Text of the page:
Same reason as:

h = 3
lambda { h = “three” }.call
p h # prints “three”

Block arguments act like assignment. This can be seen in pathological
examples like lambda { |$a_global| … } and lambda { |@an_ivar| … }

Gracias everyone!

I actually thought about the inject trick in bed at dawn but Ken B.'s
solution is better for me, because it doesn’t override any data once I
add
paths to the tree.

Grateful for all the smart answers.

  • Rob the rabbit

On Mon, 22 Jan 2007, Ken B. wrote:

s = “a/b/d”

i think it’s less overhead to simply name the top hash and return it

harp:~ > cat a.rb
p( ‘a/b/c’.split(’/’).inject(r={}){|h,k| h[k] = h={}} && r )

harp:~ > ruby a.rb
{“a”=>{“b”=>{“c”=>{}}}}

h4={‘c’=>{‘a’=>{‘t’=>{}}}}
p h1.merge(h2).merge(h3).merge(h4)

All of the a/b branches are overwritten when ‘a’=>{‘c’…} is merged over
it. (And the second ‘a’=>{‘b’…} hash overwrites the first completely).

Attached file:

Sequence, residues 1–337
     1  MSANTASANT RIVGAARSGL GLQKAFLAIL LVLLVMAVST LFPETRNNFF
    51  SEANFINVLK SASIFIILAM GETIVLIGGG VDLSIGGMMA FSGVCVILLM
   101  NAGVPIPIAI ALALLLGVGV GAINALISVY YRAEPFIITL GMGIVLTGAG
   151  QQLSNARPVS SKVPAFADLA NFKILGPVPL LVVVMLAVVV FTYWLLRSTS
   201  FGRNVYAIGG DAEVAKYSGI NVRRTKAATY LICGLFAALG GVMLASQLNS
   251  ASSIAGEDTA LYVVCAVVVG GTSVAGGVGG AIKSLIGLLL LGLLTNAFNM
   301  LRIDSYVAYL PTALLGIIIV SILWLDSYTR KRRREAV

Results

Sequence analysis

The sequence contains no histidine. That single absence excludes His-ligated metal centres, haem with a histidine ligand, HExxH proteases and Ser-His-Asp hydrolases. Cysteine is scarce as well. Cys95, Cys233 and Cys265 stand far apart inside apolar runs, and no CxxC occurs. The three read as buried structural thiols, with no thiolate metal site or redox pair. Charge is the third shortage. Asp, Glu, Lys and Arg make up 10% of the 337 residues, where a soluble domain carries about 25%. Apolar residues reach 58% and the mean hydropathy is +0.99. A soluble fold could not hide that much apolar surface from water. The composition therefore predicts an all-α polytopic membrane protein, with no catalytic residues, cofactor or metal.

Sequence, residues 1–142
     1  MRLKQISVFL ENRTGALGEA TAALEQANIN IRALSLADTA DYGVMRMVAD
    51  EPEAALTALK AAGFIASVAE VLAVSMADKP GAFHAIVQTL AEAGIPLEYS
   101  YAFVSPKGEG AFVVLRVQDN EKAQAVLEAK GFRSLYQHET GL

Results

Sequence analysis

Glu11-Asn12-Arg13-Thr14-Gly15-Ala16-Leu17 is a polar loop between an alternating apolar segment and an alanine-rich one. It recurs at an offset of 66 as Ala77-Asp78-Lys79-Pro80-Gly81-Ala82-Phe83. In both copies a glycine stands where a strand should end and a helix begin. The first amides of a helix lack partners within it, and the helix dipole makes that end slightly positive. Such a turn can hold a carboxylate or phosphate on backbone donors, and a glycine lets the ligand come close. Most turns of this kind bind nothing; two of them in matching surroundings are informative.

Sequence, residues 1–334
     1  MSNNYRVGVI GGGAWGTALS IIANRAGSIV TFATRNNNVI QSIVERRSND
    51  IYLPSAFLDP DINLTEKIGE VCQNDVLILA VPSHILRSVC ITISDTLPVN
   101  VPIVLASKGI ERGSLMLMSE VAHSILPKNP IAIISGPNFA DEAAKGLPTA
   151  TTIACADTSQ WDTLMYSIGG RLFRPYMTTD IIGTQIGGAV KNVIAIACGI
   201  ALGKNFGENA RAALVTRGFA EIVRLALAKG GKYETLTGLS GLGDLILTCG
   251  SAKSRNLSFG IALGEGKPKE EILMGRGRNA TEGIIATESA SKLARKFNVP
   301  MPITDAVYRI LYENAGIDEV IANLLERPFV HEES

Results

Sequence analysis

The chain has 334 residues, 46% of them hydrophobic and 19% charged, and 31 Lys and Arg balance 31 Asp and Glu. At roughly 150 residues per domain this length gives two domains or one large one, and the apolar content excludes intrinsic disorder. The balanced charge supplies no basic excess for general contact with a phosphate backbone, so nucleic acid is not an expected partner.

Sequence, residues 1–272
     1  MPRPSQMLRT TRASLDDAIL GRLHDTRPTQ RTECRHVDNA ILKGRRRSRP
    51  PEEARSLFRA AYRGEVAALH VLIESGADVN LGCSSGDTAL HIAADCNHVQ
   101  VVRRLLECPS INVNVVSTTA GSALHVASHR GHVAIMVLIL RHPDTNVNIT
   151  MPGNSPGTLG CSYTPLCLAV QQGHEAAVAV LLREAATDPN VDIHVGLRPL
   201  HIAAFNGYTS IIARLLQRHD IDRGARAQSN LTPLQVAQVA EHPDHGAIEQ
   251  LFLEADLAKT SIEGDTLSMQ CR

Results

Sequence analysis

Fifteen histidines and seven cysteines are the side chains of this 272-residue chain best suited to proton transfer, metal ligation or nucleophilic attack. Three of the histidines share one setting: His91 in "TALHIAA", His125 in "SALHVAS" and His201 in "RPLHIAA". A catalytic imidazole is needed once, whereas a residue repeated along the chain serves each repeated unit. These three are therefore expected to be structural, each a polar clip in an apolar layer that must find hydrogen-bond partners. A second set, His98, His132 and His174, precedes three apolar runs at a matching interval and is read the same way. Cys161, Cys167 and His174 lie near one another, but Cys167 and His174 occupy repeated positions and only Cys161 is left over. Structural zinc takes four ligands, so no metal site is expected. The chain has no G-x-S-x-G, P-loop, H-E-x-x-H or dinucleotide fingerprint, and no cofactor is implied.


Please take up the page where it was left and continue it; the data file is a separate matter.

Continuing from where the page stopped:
you are almost certainly right. good point!

-a

On Mon, 22 Jan 2007 10:46:00 +0900, Joel VanderWerf wrote:

a/b/c
h = Hash.new(&pr)

h[‘a’][‘b’][‘c’] = {}

p h # ==> {“a”=>{“b”=>{“c”=>{}}}}

For more discussion, search for “autovivify hash” on the list…

Then the inject trick becomes

pr = lambda {|h,k| h[k] = Hash.new(&pr)}
z=Hash.new(&pr)
s = “a/b/c”
s.split("/").inject(z){|ha,co| ha[co]}
s = “a/b/d”
s.split("/").inject(z){|ha,co| ha[co]}
s = “a/d/e”
s.split("/").inject(z){|ha,co| ha[co]}
s = “c/a/t”
s.split("/").inject(z){|ha,co| ha[co]}
p z

For some reason you can’t name the hash h, otherwise the parameter
assignment in the proc will override it. Why is that, and is there any
way
to avoid it?

This is what you really wanted because you wanted a really easy way to
merge all of these paths together into one hash, whereas if you
constructed the hashes separately then merged them you’d be losing data.
Try the following to see what I mean.

h1={‘a’=>{‘b’=>{‘c’=>{}}}}
h2={‘a’=>{‘b’=>{‘d’=>{}}}}
h3={‘a’=>{‘c’=>{‘e’=>{}}}}
h4={‘c’=>{‘a’=>{‘t’=>{}}}}
p h1.merge(h2).merge(h3).merge(h4)

All of the a/b branches are overwritten when ‘a’=>{‘c’…} is merged
over
it. (And the second ‘a’=>{‘b’…} hash overwrites the first completely).

–Ken B.